Fairmont State Airfield
|Fairmont State Airfield
(former Fairmont Army Airfield)
|Owner||Nebraska Department of Aeronautics|
|Location||Madison Township, Fillmore County|
|Elevation AMSL||1,636 ft / 499 m|
Fairmont Army Airfield
|Nearest city||Fairmont, Nebraska|
|Area||1,827 acres (739 ha)|
|Architectural style||Other, Aircraft hangars|
|NRHP Reference #||03000105|
|Added to NRHP||March 11, 2003|
Fairmont State Airfield (ICAO: KFMZ, FAA LID: FMZ) is three miles south of Fairmont, in Fillmore County, Nebraska. The National Plan of Integrated Airport Systems for 2011–2015 categorized it as a general aviation facility. It has no scheduled airline service.
Construction of Fairmont State Airfield by the United States Army Air Forces began on September 17, 1942. It was one of eleven training airfields built in Nebraska during World War II. Shortly after construction began, a railroad spur was built from Fairmont to the site to haul materials for the construction. About 1,000 laborers were hired to build the base, and the small towns of Geneva (pop. 1,888) and Fairmont (pop. 800) were hard pressed to find housing for the workers. Early in the construction, the facility was referred to as the Fairmont Satellite Airfield, and was designated a satellite of the Topeka Army Air Base in Kansas, however by early 1943, the name was changed to the Fairmont Army Airfield, as its mission was determined to be a training facility for heavy bomber groups. The first military personnel arrived in November 1942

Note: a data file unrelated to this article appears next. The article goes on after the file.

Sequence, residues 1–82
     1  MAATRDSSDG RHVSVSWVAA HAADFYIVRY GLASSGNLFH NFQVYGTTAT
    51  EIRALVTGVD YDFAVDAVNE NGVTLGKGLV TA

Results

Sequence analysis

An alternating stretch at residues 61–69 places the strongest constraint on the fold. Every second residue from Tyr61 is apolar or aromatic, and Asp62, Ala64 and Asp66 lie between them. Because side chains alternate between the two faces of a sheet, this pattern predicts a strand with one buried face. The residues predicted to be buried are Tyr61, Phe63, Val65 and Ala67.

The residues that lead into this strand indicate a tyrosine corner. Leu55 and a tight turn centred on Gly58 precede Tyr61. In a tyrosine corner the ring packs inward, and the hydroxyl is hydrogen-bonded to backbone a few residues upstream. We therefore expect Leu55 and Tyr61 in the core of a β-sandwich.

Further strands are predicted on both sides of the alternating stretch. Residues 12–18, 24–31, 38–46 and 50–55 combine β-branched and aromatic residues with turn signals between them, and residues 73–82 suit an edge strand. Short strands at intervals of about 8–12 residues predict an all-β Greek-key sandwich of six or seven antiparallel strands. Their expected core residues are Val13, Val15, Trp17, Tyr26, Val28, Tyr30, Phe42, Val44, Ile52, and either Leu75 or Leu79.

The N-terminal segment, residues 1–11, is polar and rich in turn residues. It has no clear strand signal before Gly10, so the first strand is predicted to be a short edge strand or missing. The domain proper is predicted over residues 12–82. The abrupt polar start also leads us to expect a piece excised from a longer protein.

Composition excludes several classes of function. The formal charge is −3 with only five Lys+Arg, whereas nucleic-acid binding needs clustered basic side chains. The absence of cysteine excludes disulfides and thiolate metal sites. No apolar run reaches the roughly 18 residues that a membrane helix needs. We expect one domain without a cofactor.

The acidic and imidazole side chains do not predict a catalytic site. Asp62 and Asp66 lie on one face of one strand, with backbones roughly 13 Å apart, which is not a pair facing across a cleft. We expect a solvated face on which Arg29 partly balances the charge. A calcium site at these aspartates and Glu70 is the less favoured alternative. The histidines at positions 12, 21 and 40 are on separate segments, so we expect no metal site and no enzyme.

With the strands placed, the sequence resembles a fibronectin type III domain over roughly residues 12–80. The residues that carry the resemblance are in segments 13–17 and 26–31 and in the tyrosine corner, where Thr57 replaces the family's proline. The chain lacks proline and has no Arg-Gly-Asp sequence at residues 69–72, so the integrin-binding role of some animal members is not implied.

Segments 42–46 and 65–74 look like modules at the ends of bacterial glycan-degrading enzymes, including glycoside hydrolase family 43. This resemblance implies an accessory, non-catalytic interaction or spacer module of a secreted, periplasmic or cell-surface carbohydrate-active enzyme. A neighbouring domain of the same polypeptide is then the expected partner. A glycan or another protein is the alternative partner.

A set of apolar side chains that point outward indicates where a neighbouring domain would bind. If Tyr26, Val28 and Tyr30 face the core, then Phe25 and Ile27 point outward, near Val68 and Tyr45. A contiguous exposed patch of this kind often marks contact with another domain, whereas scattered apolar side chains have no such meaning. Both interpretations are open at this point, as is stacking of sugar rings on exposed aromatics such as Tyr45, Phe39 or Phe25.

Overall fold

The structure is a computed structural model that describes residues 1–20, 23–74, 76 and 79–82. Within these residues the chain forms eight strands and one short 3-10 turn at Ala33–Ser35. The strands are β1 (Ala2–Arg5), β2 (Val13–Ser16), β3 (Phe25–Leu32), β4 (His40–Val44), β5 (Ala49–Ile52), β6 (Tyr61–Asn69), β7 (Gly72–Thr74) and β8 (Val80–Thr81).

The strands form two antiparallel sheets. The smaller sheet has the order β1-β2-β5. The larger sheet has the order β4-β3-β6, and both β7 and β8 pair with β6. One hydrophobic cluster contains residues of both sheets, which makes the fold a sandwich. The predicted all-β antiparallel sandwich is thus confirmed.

The airfield was under the command of Second Air Force Headquarters, Colorado Springs, Colorado. The 241st Army Air Force Base Unit was the Operational Training Unit at the airfield. It was assigned to the 15th Bombardment Training Wing (September 1943 - March 1944), then transferred to the 17th Bombardment Training Wing in March 1944 for B-29 training. The 511th Army Air Force Base Unit commanded the support elements at Fairmont as part of Air Technical Service Command.
Fairmont Army Airfield was a training installation for twenty-seven bombardment squadrons. Complete engine and airframe repairs were available for Consolidated B-24 Liberator and eventually in the more technologically advanced Boeing B-29 Superfortress bombers at the five hangars on the field. Extensive concrete runways and other structures were built. A 350-bed hospital served personnel from Fairmont along with Harvard AAF and Bruning AAF. The cantonment area provided quarters for nearly 6,000 officers and enlisted men.
Known units that trained at Fairmont AAF were:
- 485th Bombardment Group (September 20, 1943 - March 11, 1944)
- 828th, 829th, 830th and 831st Bombardment Squadrons
- Deployed to: Fifteenth Air Force, in Italy (B-24 Liberator)
- 451st Bombardment Group (September 9 - November 16, 1943)
- 724th, 725th, 726th and 727th Bombardment Squadrons
- Deployed to: Fifteenth Air Force, in Italy (B-24 Liberator)
- 504th Bombardment Group (March 12 - November 5, 1945)
- 393rd, 398th, 421st and 507th Bombardment Squadrons
- Deployed to: Twentieth Air Force in Tinian (B-29 Superfortress)
- 16th Bombardment Group (August 15, 1944 - March 7, 1945)
- 15th, 16th and 17th Bombardment Squadrons